Coding classes are currently limited to people with a laptop, internet connection, and paying capacity. Further, very little content is available in the field which is suitable for children and apt from the Indian context.
To instill scientific temper among children at an early age, the Government of India, under the National Education Policy (NEP), has recommended coding as a subject from class 6 onwards. Domain experts, however, have raised concerns over ‘burdening’ young students with a complex subject and pointed to a lack of proper curriculum and teacher training in the domain. They also fear that the move will further widen the digital divide between the rural and urban India.
“Coding classes are currently limited to people with a laptop, internet connection, and paying capacity. Further, very little content is available in the field which is suitable for children and apt for the Indian context. We also need subject experts in this domain,” said Aanand Srinivas, founder and CEO, StayQrious – an ed-tech platform teaching live coding classes.
According to the National Employability Report (NER) 2019 by Aspiring Minds, only 4.6 per cent of Indian engineering job applicants possess the ability to write functionally correct code.
For coding classes to succeed, says Srinivas, ‘we need to remove it from the superficial level and teach it as any other subject. “It can start from students writing code on a paper and getting it checked by the teacher. It would not be as glamorous but in schools where one computer lab serves the entire school, it can be a great solution,” he added.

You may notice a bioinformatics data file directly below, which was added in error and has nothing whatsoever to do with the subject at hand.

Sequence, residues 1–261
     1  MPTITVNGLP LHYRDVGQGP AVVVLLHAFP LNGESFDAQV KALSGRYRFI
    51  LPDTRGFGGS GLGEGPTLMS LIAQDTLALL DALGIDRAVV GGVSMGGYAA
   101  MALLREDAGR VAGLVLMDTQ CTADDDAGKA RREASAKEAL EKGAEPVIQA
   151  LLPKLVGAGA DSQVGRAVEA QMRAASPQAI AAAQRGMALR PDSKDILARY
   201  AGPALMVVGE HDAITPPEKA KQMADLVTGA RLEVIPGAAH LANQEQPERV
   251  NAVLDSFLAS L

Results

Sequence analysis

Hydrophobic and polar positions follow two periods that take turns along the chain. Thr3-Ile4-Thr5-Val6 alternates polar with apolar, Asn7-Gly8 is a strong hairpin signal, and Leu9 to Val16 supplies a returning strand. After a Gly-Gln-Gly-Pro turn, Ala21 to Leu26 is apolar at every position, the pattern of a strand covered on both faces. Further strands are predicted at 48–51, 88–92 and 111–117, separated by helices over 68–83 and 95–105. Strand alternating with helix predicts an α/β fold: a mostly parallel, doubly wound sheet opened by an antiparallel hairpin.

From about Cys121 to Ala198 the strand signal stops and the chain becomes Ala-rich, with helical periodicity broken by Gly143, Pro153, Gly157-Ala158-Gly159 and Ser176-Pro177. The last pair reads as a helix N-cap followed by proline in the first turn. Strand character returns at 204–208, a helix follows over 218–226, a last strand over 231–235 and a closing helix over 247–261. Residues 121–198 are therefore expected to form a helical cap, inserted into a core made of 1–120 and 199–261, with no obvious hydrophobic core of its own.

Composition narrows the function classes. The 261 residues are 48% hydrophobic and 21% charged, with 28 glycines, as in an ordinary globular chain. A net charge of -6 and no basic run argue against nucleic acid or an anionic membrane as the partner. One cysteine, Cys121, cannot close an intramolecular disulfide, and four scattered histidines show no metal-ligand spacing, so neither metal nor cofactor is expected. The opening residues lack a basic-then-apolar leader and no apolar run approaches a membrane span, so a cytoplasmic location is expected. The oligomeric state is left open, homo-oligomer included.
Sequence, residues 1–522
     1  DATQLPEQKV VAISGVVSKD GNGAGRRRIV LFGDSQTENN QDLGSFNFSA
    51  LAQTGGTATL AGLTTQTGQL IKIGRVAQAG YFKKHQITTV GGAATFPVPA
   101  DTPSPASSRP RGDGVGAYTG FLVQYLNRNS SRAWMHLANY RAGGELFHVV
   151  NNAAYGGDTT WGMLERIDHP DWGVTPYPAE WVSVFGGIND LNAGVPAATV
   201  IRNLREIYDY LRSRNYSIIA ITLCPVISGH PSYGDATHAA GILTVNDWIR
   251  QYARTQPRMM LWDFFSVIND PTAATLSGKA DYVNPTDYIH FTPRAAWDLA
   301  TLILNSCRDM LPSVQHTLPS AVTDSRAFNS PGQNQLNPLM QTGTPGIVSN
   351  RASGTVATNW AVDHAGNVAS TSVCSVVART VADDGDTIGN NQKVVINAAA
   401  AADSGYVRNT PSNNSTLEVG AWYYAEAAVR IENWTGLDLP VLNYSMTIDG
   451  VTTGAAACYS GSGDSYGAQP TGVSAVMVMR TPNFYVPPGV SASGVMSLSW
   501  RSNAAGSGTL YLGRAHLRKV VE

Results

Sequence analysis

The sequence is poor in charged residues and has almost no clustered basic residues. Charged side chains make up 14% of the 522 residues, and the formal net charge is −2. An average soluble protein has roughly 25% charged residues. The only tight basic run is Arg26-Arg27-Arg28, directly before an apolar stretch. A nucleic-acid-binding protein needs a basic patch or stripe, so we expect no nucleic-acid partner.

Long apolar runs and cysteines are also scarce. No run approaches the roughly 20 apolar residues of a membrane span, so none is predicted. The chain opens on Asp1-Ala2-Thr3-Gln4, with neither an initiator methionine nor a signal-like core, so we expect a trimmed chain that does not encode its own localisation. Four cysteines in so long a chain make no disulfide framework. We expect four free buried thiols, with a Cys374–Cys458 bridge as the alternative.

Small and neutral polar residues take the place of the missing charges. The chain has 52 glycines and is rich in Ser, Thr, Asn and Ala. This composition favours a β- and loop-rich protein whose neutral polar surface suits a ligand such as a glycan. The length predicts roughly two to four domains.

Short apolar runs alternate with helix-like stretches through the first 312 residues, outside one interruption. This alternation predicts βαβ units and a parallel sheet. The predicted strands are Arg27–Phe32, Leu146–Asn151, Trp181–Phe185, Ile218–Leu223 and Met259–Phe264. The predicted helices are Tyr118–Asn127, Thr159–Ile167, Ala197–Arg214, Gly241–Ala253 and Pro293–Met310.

Schools have already turned towards online platforms and are collaborating for teaching coding. Another popular online coding platform, Tinker Coders have tied up with over 200 schools for various online coding programs during the pandemic alone. It claims that the number of enrolments has grown rapidly since the NEP was released. Coding Ninjas Junior too claims to have seen a rise of 130 per cent within the past two months.
Most of the learners for Coding Ninja Jr come from major cities such as Delhi, Mumbai, Bengaluru, Hyderabad, Lucknow, and Patna. Ankush Singla, co-founder of Coding Ninjas, and Coding Ninjas Junior said that for coding classes to reach rural India, there needs to be basic infrastructure and awareness first. “A constant flow of electricity, broadband services, and affordability for the economically weaker section.”
Quoting the NSO survey, Singla said that only 4.4 per cent of rural households have access to computers and 14.9 per cent of rural households have an internet facility. He believes that with NEP and mandating of coding classes, an “appetite for tech education in rural households” will be created.
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